Feeds

Cassini gives Iapetus a wide berth

Reducing uncertainty

  • alert
  • submit to reddit

Top three mobile application threats

The Cassini probe will not pass as close to the moon Iapetus as originally planned because of fears that the flyby will disturb the path of the $3.3bn space craft en route to Titan. Scientists have now tweaked the route so that Cassini will pass Iapetus from a greater, and therefore safer, distance, The Denver Post reports.

Larry Esposito, a space scientist at the University of Colorado and a member of NASA's Cassini science team said that the team was under a great deal of scrutiny.

After the failure of Beagle 2, and the crash-landing on the Genesis probe in Utah, the scientists on the team are doing everything they can in advance of the Huygens probe being dispatched to Titan to minimise the risks it faces. After all, this is a European-built Lander, scheduled to begin its descent to another world on Christmas day, and it will glide to the surface on parachutes just like those worn by the Genesis probe.

Genesis, sent to space to collect samples of the solar wind, crashed into the Utah desert on its return to Earth last month when its parachutes failed to open. After investigation it was determined that their activating switches had been attached backwards.

"There's a lot of attention being applied to this. We've adjusted some of our science operations, because of the challenges with Genesis," Esposito said.

The mission will fly its closest approach to Titan tonight. Scientists will study the composition of the atmosphere so that they can check the accuracy of their models. This additional information will be critical to those planning the descent and landing of the Huygens probe. ®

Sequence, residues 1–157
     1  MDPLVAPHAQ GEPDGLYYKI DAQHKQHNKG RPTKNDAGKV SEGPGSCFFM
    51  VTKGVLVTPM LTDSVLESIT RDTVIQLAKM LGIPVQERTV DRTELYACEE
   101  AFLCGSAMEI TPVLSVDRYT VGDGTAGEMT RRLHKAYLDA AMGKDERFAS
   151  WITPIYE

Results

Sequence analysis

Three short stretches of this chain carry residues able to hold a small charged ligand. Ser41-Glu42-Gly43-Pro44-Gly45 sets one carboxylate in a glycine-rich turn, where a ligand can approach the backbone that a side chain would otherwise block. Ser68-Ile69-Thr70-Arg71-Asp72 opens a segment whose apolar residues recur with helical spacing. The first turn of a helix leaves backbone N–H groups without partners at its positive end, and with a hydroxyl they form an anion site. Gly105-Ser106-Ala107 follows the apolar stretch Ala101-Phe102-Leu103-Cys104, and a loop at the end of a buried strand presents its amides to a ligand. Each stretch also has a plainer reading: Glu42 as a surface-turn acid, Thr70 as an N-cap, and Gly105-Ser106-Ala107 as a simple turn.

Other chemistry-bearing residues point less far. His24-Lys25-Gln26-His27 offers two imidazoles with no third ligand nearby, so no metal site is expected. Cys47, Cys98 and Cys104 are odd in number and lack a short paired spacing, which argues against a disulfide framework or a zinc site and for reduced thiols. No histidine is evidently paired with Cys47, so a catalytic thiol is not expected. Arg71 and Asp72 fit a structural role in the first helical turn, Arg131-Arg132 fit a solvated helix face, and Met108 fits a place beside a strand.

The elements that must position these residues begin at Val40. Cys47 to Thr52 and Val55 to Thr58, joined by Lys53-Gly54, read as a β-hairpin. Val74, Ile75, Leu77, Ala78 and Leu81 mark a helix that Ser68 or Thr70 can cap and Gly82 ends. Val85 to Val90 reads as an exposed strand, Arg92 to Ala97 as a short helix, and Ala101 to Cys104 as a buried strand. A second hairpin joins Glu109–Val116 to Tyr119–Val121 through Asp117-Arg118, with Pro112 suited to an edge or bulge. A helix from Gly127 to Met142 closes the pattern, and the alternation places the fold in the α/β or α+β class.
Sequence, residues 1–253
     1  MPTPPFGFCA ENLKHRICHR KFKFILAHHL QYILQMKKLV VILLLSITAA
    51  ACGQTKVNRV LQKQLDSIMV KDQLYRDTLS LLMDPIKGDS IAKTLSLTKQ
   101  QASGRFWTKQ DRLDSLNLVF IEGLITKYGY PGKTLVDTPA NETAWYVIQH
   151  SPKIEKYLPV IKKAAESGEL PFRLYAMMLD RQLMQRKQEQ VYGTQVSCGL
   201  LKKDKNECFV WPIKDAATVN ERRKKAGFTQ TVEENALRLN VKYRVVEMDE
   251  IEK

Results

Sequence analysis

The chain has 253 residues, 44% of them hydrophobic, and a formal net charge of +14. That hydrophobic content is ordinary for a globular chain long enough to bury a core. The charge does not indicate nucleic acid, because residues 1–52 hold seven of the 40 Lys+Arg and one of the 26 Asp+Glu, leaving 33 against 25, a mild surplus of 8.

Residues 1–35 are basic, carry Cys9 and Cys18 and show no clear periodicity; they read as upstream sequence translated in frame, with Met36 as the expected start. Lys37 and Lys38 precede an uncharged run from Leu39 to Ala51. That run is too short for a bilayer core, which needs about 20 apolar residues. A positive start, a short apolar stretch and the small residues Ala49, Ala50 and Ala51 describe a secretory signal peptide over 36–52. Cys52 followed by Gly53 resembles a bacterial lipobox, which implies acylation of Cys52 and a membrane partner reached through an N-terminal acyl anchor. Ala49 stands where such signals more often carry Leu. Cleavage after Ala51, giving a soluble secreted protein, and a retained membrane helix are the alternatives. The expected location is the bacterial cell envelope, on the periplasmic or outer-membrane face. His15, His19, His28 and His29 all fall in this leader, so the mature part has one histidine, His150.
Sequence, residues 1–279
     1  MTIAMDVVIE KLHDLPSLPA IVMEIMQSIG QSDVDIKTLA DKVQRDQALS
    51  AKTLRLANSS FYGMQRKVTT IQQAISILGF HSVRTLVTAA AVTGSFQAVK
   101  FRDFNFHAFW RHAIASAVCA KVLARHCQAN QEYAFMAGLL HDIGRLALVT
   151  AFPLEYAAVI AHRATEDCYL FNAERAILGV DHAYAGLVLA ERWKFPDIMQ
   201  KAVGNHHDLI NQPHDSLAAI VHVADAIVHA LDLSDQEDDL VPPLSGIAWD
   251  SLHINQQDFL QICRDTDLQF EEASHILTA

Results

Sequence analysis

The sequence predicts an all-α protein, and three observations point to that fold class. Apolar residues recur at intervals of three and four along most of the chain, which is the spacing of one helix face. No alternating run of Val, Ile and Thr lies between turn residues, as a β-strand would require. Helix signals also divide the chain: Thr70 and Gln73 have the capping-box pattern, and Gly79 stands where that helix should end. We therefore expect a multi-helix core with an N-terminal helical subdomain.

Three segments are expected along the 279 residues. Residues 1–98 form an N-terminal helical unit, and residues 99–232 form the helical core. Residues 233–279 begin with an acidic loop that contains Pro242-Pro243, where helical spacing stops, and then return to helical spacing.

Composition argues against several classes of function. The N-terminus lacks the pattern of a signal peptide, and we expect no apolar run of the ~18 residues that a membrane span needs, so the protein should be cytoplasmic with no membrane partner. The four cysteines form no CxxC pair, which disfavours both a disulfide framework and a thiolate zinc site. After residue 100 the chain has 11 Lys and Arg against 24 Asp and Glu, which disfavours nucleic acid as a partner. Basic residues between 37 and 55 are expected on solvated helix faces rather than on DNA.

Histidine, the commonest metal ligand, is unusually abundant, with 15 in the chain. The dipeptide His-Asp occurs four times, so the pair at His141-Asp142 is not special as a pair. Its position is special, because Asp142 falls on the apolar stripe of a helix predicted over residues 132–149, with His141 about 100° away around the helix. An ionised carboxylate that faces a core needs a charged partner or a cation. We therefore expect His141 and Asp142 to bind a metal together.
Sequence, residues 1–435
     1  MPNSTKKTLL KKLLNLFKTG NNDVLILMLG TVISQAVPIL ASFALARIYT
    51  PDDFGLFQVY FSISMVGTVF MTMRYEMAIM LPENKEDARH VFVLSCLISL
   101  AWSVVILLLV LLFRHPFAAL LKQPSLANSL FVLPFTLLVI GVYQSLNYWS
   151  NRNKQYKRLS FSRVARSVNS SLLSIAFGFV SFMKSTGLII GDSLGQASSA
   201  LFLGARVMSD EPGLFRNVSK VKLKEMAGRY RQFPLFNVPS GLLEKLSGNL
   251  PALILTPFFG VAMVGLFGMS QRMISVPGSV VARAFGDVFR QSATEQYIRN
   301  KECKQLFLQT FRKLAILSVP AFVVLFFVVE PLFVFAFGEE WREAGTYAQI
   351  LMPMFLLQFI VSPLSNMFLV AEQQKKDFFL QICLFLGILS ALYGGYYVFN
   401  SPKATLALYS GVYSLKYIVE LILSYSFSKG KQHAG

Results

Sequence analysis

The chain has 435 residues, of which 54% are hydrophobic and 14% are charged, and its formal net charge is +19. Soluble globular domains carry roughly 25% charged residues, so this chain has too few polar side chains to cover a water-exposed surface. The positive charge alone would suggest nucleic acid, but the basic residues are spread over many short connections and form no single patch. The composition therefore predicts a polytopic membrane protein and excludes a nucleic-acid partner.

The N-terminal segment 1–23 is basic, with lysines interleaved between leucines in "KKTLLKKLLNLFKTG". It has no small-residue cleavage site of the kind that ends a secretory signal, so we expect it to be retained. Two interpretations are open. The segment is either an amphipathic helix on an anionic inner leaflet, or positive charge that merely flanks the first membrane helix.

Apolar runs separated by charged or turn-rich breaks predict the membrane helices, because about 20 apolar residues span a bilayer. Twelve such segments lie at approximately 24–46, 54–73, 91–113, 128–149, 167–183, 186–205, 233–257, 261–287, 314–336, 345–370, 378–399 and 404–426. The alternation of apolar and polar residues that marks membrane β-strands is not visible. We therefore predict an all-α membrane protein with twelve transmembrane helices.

Related stories

Cassini approaches Titanic flyby
Neptune shows off five new moons
Cassini finds two tiny Saturnian moons

High performance access to file storage

More from The Register

next story
Most Americans doubt Big Bang, not too sure about evolution, climate change – survey
Science no match for religion, politics, business interests
KILLER SPONGES menacing California coastline
Surfers are safe, crustaceans less so
Discovery time for 200m WONDER MATERIALS shaved from 4 MILLENNIA... to 4 years
Alloy, Alloy: Boffins in speed-classification breakthrough
LOHAN and the amazing technicolor spaceplane
Our Vulture 2 livery is wrapped, and it's les noix du mutt
Liftoff! SpaceX Falcon 9 lifts Dragon on third resupply mission to ISS
SpaceX snaps smartly into one-second launch window
R.I.P. LADEE: Probe smashes into lunar surface at 3,600mph
Swan dive signs off successful science mission
Opportunity selfie: Martian winds have given the spunky ol' rover a spring cleaning
Power levels up 70 per cent as the rover keeps on truckin'
Elon Musk's LEAKY THRUSTER gas stalls Space Station supply run
Helium seeps from Falcon 9 first stage, delays new legs for NASA robonaut
prev story

Whitepapers

Mainstay ROI - Does application security pay?
In this whitepaper learn how you and your enterprise might benefit from better software security.
Combat fraud and increase customer satisfaction
Based on their experience using HP ArcSight Enterprise Security Manager for IT security operations, Finansbank moved to HP ArcSight ESM for fraud management.
The benefits of software based PBX
Why you should break free from your proprietary PBX and how to leverage your existing server hardware.
Top three mobile application threats
Learn about three of the top mobile application security threats facing businesses today and recommendations on how to mitigate the risk.
3 Big data security analytics techniques
Applying these Big Data security analytics techniques can help you make your business safer by detecting attacks early, before significant damage is done.